I'm very bullish on EM equities for next few years, says Jan Dehn

JAN DEHN, Head of research, Ashmore Group
Despite a series of policy measures undertaken by the Indian authorities to stem the economic fallout of the Covid-19 pandemic, London-based JAN DEHN, head of research at Ashmore Group, which has nearly $100 billion worth of assets under management, tells Puneet Wadhwa that India will not be able to attract overseas funds purely based on its fundamentals, as the government has lost much of its zeal for reform and is now leaning more on fiscal stimulus. Edited excerpts:

What is your outlook for the markets?

It is important to look beyond the short-term market gyrations and instead look where assets are cheap relative to fundamentals and not just because of momentum. The markets most impacted by momentum are also the most expensive — and those markets are most heavily dependent on central bank support. I would stay clear of those as they do not have inherent growth potential.

How do you see equity as an asset class perform vis-à-vis other assets over the next year?

The dollar is going to fall, which will mark a shift in the global capital of a scale we have not seen for a decade. Too much money is parked in US assets and the dollar. Much of the rest of the world has been ignored from an investment perspective. This is about to change. In emerging markets (EMs), inflows are key to growth, as in EM countries finances are constrained. Inflows reignite domestic demand and hence growth, but flows only come if the dollar falls. I am very bullish on EM equities for the next few years, but very bearish on US equities. EMs will significantly outperform developed market (DM) assets. Both bonds and stocks, as well as currencies. We have used the dip in global risk appetite to load up on EM assets.

What are your views on India as an investment destination within EMs?

The Indian markets are structurally expensive, but entering a late stage in the political business cycle. Quite worryingly, the Narendra Modi administration is increasingly leaning on fiscal stimulus, rather than reform. This is something we also saw towards the tail end of the United Progressive Alliance (UPA) administration. It is not a good recipe and leads to lower investment willingness, less growth, worse fiscal balances. I prefer stock exposure in the Far East, which were the first into the coronavirus crisis and will also come out first. In terms of bonds, I like Latin America, where yields are high and inflation is falling very sharply.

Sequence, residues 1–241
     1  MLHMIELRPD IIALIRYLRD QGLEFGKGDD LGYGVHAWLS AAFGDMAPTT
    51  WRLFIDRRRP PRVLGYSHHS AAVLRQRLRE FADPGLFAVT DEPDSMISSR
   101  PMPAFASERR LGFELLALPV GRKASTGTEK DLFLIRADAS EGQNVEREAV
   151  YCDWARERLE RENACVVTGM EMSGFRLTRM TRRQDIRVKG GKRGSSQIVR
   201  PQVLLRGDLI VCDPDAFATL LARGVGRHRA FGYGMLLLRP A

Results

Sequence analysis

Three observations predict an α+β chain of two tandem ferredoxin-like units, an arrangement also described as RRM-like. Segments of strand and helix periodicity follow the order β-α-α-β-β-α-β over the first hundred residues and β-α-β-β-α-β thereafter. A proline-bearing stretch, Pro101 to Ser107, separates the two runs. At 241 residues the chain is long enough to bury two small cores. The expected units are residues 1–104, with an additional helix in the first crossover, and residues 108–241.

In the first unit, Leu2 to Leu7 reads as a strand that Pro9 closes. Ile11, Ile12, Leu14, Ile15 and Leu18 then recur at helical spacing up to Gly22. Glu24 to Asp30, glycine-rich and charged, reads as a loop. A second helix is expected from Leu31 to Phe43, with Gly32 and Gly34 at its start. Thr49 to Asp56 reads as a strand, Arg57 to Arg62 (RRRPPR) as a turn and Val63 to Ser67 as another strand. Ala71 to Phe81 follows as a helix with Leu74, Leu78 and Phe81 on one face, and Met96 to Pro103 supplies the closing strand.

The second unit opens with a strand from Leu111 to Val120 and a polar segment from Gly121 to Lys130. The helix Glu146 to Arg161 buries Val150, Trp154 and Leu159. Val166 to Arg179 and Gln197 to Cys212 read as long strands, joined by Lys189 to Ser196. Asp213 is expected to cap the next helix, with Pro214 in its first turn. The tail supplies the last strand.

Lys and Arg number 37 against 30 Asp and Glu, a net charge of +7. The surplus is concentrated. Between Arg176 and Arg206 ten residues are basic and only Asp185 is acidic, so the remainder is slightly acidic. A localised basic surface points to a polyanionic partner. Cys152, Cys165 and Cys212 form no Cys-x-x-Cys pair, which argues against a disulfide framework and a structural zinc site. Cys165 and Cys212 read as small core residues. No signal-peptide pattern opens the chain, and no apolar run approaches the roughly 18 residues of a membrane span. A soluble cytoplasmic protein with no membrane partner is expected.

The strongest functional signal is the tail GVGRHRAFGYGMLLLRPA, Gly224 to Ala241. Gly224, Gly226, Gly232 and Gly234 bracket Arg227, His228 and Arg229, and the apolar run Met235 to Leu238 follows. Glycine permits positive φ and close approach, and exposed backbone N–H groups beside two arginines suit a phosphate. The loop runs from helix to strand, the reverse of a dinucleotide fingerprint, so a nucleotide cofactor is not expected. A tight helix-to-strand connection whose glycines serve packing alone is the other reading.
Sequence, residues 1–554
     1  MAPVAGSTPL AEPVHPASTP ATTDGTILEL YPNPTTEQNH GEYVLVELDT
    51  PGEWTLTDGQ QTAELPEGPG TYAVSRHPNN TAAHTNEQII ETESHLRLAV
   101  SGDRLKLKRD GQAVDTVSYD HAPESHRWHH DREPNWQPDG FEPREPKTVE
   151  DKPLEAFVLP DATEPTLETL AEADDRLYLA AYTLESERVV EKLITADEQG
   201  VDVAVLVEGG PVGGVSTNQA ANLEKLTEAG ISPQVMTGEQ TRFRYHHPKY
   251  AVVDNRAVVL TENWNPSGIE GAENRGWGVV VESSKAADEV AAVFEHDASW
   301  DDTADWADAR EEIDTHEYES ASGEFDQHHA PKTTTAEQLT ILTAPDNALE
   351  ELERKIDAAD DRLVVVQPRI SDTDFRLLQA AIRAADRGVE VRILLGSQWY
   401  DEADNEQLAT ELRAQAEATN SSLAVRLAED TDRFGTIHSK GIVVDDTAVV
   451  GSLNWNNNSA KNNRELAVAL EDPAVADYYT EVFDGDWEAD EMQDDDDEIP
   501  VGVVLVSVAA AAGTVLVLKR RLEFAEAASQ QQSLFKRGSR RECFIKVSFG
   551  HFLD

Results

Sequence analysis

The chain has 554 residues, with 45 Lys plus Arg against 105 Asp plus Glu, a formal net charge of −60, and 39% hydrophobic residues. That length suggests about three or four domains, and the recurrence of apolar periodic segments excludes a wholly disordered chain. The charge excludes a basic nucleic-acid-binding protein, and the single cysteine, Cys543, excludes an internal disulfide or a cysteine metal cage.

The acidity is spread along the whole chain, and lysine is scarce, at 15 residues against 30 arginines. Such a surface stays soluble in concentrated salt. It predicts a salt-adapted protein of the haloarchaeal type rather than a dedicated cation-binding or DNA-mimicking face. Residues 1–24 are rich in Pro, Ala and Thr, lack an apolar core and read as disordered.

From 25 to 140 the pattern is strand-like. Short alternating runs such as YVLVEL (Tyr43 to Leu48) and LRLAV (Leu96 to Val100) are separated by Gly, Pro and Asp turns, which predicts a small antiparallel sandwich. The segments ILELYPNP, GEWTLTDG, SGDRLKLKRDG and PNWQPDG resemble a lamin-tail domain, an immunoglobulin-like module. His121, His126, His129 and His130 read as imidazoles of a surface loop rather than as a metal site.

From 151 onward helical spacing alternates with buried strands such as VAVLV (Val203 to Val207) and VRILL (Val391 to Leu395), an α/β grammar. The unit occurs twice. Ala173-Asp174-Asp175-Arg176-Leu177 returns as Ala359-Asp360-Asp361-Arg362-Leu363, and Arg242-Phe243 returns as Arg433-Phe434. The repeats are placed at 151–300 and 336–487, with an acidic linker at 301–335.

Will India be able to attract incremental FPI flows within EMs over the next one year?

Increasingly, India will not be able to attract funding purely based on its fundamentals, because the government has lost much of its zeal for reform and is now leaning more on fiscal stimulus. This is not good. Hence, the easiest way for India to continue to attract foreign capital is to enter benchmark indices, which, since many institutional investors will buy anything as long as it is in an index, is a safe way of attracting long-term stable capital. However, downgrades can result in India missing out on some of the best quality capital. The worsening credit picture in India can only be overcome with the resumption of aggressive reforms, which I do not think is realistic right now.

How are foreign investors likely to view the developing geopolitical situation between India and China?

The markets are currently sensitive to the fundamental outlook in India and geopolitical tensions between China and the US. The outbreak of hostilities between India and China touches both these sensitivities. As such, it is something the market cares about. However, there is little belief — and therefore it is not priced in — that these tensions will escalate into an outright war. So, as long as things remain at the level of low-intensity skirmishes between India and China, which have been going on since the 1950s, this conflict is not going to have anything other than a transitory impact on the markets.

Your overweight and underweight sectors in the Indian context?

Indian demand will rise as lockdowns are lifted. This is slowly happening, but there is no guarantee that infections will not surge again. We are overweight on assets that benefit from greater government spending plus defensives, and are underweight on cyclicals.

Have the policymakers in India – the government and the Reserve Bank of India (RBI) – been able to address the economic fallout of the pandemic effectively?

The quality of government policy has steadily worsened in recent years. The RBI remains the strongest institution, but we know that RBI easily falls hostage to the fiscal authorities when government spending starts to rise. India needs to refocus on competitiveness, but there is little chance of this happening on this side of an election.

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